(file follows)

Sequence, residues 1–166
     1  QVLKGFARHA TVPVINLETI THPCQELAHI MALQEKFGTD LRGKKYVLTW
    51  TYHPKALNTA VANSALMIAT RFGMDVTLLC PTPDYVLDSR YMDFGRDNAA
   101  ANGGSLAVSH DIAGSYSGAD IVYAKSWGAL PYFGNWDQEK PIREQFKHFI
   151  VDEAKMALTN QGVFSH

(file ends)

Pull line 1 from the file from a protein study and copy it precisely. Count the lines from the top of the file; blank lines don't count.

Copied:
Sequence, residues 1–166